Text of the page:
But China and New York City are not alone in grappling with major water-related challenges. In the United States, the Environmental Protection Agency reports that in the last five years almost every region has experienced water deficits and at least 36 states will face some type of water shortage in 2013. Ecosystem Marketplace documents 68 watershed payment programs in North America and 18 more in development that respond to these challenges. Leading the charge are Oregon, Washington state, and also Minnesota.
Meanwhile, in the developing world, 700 million people in 40 countries face water shortages. Today, one third of the World Bank’s loan portfolio involves water projects. And though investments in watershed services are growing rapidly, they are tiny compared to the estimated US $1 trillion per year that will be needed through 2025 to meet water supply and sanitation demands. Analysts at Ecosystem Marketplace note that devoting even a small fraction of these investments to “green” solutions that protect water at its source—compared to “gray” solutions like water treatment facilities—could generate huge returns by simultaneously providing water security along with a host of environmental and social benefits.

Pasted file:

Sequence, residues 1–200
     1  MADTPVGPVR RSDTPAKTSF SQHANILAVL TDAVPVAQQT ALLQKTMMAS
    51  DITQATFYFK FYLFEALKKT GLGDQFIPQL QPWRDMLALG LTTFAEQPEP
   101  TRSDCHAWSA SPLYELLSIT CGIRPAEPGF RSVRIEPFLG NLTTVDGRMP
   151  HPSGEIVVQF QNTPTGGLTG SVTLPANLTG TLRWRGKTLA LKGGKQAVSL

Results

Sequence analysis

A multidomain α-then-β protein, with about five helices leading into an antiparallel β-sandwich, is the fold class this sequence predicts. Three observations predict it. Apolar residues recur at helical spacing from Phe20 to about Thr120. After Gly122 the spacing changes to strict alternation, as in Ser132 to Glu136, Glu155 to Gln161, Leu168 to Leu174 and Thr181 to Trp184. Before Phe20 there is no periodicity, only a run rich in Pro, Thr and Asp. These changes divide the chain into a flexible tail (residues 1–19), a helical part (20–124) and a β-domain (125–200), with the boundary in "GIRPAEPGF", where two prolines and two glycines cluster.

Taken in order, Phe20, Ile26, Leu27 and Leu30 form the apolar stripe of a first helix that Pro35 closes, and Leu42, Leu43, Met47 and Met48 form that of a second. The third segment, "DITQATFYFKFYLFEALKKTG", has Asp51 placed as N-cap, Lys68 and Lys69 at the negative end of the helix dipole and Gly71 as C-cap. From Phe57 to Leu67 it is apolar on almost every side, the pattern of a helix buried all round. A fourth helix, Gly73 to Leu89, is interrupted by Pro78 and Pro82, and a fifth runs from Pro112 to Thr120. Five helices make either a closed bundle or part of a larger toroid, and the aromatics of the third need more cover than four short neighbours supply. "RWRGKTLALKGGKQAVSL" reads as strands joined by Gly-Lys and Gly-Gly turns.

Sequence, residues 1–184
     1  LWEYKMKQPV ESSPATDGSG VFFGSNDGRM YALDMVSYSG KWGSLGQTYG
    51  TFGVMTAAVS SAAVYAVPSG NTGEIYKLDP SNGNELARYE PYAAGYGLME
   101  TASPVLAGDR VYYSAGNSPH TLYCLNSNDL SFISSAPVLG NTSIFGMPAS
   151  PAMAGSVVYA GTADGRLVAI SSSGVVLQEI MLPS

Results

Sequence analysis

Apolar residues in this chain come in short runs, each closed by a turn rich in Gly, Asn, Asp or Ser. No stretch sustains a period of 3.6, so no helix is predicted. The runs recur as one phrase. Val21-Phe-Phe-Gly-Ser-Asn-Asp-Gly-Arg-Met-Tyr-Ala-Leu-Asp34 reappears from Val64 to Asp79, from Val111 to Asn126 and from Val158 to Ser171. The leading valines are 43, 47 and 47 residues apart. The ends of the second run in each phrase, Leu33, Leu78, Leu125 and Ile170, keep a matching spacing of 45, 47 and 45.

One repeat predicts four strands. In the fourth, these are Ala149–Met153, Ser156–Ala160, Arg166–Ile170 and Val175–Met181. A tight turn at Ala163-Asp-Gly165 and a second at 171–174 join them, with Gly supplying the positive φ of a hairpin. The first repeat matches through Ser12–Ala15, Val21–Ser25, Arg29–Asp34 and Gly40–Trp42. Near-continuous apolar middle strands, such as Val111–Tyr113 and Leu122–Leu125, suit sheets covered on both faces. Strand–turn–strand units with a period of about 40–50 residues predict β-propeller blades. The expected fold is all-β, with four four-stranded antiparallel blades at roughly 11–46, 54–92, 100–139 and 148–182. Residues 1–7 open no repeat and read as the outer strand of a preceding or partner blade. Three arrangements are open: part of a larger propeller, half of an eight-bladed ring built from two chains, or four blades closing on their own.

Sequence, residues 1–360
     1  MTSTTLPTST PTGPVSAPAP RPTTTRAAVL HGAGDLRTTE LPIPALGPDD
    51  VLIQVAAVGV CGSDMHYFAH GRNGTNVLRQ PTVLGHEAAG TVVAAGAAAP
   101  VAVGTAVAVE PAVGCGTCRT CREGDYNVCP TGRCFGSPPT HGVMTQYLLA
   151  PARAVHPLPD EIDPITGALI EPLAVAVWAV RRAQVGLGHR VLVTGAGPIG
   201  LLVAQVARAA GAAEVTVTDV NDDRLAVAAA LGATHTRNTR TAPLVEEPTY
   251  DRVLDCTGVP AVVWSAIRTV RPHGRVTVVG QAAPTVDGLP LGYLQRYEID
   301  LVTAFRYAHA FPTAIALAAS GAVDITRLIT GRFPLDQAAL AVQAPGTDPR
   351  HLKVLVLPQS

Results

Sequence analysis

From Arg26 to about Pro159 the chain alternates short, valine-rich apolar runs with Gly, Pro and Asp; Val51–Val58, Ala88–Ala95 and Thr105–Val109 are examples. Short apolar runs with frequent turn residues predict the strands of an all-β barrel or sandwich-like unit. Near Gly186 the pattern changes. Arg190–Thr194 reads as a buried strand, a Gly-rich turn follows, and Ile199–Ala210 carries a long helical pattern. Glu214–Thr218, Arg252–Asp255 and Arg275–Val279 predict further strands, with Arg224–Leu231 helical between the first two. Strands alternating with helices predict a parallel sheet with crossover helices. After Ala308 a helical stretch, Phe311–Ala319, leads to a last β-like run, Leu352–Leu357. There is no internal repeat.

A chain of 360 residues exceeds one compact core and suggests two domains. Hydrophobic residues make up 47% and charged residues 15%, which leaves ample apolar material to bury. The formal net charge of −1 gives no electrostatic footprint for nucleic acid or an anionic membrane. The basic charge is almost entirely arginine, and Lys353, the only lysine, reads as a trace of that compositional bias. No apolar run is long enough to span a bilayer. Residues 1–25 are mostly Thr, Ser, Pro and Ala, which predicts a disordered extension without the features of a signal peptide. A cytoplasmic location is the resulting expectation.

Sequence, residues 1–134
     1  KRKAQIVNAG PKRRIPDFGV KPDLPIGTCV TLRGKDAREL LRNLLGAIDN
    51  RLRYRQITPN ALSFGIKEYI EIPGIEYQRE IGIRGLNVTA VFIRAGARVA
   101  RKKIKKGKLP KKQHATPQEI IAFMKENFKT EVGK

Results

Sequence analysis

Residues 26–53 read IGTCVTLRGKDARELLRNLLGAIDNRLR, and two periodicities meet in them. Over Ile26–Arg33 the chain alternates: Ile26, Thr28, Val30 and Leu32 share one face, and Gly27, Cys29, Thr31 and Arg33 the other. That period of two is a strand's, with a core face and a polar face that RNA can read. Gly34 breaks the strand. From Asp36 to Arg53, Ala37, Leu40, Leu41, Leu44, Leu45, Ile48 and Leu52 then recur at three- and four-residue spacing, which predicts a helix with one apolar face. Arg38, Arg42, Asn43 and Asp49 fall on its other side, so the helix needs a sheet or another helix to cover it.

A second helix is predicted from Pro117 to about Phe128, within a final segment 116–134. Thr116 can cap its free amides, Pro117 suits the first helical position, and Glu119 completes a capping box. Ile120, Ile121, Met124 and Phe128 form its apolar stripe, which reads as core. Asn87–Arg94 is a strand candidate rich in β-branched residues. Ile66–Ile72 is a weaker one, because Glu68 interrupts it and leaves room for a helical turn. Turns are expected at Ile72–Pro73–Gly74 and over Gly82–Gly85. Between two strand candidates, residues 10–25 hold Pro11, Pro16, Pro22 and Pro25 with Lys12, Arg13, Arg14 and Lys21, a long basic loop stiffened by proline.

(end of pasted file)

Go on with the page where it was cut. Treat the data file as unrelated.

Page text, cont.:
Inventorying Investments in “Natural Infrastructure”The Ecosystem Marketplace inventory of watershed investments reveals a wide array of creative and innovative approaches around the world where, faced with major water challenges, “leaders and communities have opted to invest in our natural infrastructure and reward the people who protect it.”
- In South Africa, a US $109-million investment in rooting out water-hogging invasive plants—a single eucalyptus tree can guzzle 40,000 gallons of water a year—currently employs 30,000 previously unemployed people and has returned an estimated US $50 billion worth of water- related benefits, such as vastly improved stream flow.
- In Sweden, a local water authority found it cheaper to pay for a program to establish blue mussel beds in Gullmar Fjord to filter nitrate pollution than build a new treatment facility on shore.
- In Latin America, the trend in water programs is to offer compensation other than cash for protecting water resources. In Bolivia’s Santa Cruz valley, for example, more than 500 families receive beehives, fruit plants, and wire (which is used for, among other things, fencing to keep livestock away from rivers and stream banks) in return for their water protection efforts.